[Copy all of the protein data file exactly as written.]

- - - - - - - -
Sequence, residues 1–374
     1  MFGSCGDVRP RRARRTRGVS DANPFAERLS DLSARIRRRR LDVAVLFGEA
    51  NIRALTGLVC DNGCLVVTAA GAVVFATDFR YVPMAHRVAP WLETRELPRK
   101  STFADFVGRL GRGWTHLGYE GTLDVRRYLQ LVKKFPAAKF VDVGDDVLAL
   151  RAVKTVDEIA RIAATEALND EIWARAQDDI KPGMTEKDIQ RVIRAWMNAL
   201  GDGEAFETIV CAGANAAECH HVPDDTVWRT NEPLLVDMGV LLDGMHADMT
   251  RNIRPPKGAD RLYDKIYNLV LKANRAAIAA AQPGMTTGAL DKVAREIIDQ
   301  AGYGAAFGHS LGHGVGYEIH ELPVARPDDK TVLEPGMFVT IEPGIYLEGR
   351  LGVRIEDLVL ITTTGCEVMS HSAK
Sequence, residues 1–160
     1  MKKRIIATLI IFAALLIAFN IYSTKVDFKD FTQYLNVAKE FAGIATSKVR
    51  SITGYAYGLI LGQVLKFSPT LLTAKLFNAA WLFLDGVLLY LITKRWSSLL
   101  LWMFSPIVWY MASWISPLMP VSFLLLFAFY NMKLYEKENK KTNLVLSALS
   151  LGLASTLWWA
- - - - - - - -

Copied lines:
Sequence, residues 1–374
     1  MFGSCGDVRP RRARRTRGVS DANPFAERLS DLSARIRRRR LDVAVLFGEA
    51  NIRALTGLVC DNGCLVVTAA GAVVFATDFR YVPMAHRVAP WLETRELPRK
   101  STFADFVGRL GRGWTHLGYE GTLDVRRYLQ LVKKFPAAKF VDVGDDVLAL
   151  RAVKTVDEIA RIAATEALND EIWARAQDDI KPGMTEKDIQ RVIRAWMNAL
   201  GDGEAFETIV CAGANAAECH HVPDDTVWRT NEPLLVDMGV LLDGMHADMT
   251  RNIRPPKGAD RLYDKIYNLV LKANRAAIAA AQPGMTTGAL DKVAREIIDQ
   301  AGYGAAFGHS LGHGVGYEIH ELPVARPDDK TVLEPGMFVT IEPGIYLEGR
   351  LGVRIEDLVL ITTTGCEVMS HSAK
Sequence, residues 1–160
     1  MKKRIIATLI IFAALLIAFN IYSTKVDFKD FTQYLNVAKE FAGIATSKVR
    51  SITGYAYGLI LGQVLKFSPT LLTAKLFNAA WLFLDGVLLY LITKRWSSLL
   101  LWMFSPIVWY MASWISPLMP VSFLLLFAFY NMKLYEKENK KTNLVLSALS
   151  LGLASTLWWA